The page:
Don’t Buy the Headlines or Clorox Stock at All Right Now

Clorox stock - Don’t Buy the Headlines or Clorox Stock at All Right Now

Source: Mike Mozart via Flickr (Modified)

Clorox (NYSE:CLX) stock has brought the company back in the headlines. After a 35% increase over the last six months, many wonder whether the time has come to buy Clorox stock.

To be sure, the company has pushed forward many initiatives that have drawn interest to the stock. Product innovations and price increases have helped to boost its products.

However, for all of these accolades, Clorox remains a slow-growth, dividend stock. Headlines indicating otherwise have often served as a contrarian signal to sell the stock. Given the valuation metrics and the history of the stock, I would urge caution on Clorox.

CLX Stock and a New Commitment

Household products stocks typically receive less attention than stocks like Amazon (NASDAQ:AMZN) or Tesla (NASDAQ:TSLA). However, CLX stock has moved like a tech equity in recent months. Now, investors want to know whether this rally will continue.

First, investors should not write off Clorox stock as a boring equity revolving around its namesake product. In reality, the company has built a household products empire. In addition to Clorox bleach, it can count Liquid-Plumr, Hidden Valley salad dressing, Brita water filters, and many other household staples among its line of products.

Moreover, the company’s stock has risen by selling these products at greater volumes and higher prices. Acquiring Nutranext also helped to boost both the top and the bottom lines.

Furthermore, Clorox has implemented initiatives that should improve the bottom line. The Clorox 2020 Strategy promises to increase category growth for specific products.

The company also hopes it will bring increased market share for the company in general. Clorox also has focused on an ecommerce plan to improve sales and a “Go Lean” initiative for better operational efficiency.

Sell Clorox Stock on the Headlines

However, I think the stock price increase and the headlines generated by that move serve as a contrarian sign to sell. This proved to be the case on a smaller scalein January when I last looked at Clorox stock.

At that time, I urged investors to sell on valuation. After I made that call in the $143 per share range, the stock fell by about 20% over the next six months. However, the rally began after the April low. As a result, the stock now trades in the $165 per share range.

Due to profit growth, its forward price-to-earnings (PE) ratio has remained steady, standing at around 26.3. Admittedly, this remains comparable to peers such as Colgate-Palmolive (NYSE:CL). However, if one looks at the recent history of the stock, such a multiple indicates this rally will either pause or pull back.

Interestingly, one of these less-interested buyers will be CLX itself. The company plans fewer share buybacks in this 2019 fiscal year. As a result, the company cut guidance even as the stock price has risen.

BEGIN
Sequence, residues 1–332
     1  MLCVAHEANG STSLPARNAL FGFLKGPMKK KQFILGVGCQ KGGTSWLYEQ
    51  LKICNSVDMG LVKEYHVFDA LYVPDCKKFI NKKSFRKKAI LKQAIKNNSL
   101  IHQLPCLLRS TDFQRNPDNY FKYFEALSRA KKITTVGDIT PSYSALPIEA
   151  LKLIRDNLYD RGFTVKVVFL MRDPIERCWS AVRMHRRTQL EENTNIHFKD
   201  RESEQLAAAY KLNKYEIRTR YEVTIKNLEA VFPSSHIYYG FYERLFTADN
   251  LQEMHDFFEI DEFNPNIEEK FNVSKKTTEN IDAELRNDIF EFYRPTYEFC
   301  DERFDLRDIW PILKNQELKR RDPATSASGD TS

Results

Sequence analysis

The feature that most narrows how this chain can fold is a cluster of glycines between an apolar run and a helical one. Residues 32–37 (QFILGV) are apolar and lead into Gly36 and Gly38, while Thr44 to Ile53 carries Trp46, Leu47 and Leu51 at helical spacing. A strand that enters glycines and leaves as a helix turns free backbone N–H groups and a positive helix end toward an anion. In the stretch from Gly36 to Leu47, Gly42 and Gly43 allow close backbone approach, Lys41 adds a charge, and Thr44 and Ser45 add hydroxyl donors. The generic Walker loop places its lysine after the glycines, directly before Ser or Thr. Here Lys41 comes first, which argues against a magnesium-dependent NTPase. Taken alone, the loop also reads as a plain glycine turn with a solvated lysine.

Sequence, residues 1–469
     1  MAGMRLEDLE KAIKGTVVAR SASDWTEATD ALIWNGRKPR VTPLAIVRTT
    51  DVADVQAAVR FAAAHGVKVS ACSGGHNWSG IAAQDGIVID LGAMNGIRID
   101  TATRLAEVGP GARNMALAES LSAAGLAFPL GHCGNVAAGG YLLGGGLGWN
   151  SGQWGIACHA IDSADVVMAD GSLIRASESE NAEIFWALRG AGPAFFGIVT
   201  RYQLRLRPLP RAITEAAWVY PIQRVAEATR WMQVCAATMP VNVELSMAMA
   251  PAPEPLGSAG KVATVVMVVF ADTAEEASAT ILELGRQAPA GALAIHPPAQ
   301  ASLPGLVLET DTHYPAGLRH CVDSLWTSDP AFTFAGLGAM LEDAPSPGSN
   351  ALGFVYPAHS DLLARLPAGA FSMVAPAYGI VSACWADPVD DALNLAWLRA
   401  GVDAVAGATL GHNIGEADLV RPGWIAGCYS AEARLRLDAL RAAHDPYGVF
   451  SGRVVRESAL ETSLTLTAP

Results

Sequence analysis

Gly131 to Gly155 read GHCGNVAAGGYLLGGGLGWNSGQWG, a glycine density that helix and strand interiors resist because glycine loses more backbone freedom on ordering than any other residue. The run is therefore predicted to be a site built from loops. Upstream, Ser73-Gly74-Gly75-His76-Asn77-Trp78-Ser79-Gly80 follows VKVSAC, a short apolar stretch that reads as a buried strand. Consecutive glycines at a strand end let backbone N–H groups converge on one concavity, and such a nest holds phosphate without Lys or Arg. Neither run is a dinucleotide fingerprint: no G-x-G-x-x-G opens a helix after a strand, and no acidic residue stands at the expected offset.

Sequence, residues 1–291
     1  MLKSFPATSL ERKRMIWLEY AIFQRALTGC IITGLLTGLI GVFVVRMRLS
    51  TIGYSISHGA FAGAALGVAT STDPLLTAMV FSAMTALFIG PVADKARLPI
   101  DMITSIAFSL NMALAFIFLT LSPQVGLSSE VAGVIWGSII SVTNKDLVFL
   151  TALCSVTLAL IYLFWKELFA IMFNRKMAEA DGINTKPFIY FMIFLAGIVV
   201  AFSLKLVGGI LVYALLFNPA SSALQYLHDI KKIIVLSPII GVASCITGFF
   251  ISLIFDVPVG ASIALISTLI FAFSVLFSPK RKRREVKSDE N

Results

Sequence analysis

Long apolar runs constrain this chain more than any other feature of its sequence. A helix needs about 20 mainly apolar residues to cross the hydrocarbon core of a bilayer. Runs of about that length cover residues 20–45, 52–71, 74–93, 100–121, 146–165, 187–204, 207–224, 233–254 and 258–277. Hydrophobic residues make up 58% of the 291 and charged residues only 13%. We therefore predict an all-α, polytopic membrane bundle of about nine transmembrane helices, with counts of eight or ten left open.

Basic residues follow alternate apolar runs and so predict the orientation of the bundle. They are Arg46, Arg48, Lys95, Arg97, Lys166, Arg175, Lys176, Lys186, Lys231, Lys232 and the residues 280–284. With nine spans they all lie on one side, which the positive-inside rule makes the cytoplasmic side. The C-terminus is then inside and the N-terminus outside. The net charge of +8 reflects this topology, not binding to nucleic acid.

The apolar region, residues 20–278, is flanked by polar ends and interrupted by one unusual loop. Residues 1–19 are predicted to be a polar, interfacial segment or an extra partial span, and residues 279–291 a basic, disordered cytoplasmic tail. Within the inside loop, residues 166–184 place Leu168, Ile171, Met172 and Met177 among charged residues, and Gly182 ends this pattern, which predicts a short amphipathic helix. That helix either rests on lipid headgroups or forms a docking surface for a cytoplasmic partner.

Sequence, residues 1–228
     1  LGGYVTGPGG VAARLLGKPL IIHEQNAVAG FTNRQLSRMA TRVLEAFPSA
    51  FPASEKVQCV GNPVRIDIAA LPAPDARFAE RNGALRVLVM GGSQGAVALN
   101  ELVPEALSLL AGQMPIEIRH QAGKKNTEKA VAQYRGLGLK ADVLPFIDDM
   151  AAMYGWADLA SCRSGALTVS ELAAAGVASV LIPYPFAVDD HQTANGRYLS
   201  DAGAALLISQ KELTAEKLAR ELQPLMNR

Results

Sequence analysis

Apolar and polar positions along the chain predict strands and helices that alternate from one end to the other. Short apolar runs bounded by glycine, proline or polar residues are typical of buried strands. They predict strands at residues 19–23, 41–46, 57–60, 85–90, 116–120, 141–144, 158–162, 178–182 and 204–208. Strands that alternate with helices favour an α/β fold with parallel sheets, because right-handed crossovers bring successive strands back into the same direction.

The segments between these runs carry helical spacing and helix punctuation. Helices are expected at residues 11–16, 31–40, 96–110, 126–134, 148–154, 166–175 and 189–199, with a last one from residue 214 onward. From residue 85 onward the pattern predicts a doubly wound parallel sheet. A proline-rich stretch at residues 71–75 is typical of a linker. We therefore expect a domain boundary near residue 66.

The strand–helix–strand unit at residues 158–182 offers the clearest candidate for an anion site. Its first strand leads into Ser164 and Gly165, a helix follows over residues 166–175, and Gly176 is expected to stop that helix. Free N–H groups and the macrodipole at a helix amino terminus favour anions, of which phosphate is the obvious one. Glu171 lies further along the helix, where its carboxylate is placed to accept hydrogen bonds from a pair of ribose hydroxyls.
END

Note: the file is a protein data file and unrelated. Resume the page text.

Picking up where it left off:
CLX Still Is a Slow Growth, Dividend Play

Moreover, for all of its successes, profit growth will remain mired in the single digits for years to come. Analysts forecast earnings increases of 1.9% for this year, and 6.5% in fiscal 2020. For this year at least, that comes in behind Colgate as well as Procter & Gamble (NYSE:PG) and Unilever (NYSE:UN, NYSE:UL).

That said, I do see a good reason for dividend investors to buy Cin January  stock on a pullback. Its 40 consecutive years of dividend hikes make Clorox one of the most solid businesses in corporate America. Its $3.84 per share dividend for this year yields just over 2.3%. Clorox will produce the cash needed to fund its annual dividend hikes even when CLX stock fails to generate headlines. Still, I would urge interested investors to hold out for a lower stock price (and a higher dividend yield).

The Bottom Line on Clorox Stock

Both valuations and the increase in headlines indicate the time has come to CLX stock. To be sure, Clorox has made serious efforts to differentiate its products, boost prices and increase company efficiency. This has helped to inspire a substantial move higher in Clorox stock.

However, valuations have moved slightly above company averages. Moreover, the fact that a move higher has prompted a “should I buy” question may serve as a contrarian indicator in itself.

Clorox’s popular, recession-proof product lines will bring profit and dividend increases for years to come. As such, dividend investors should look at buying CLX stock on a pullback. However, those buying CLX in the hopes of tech stock-like increases will probably struggle.

As of this writing, Will Healy did not hold a position in any of the aforementioned stocks. You can follow Will on Twitter at @HealyWriting.

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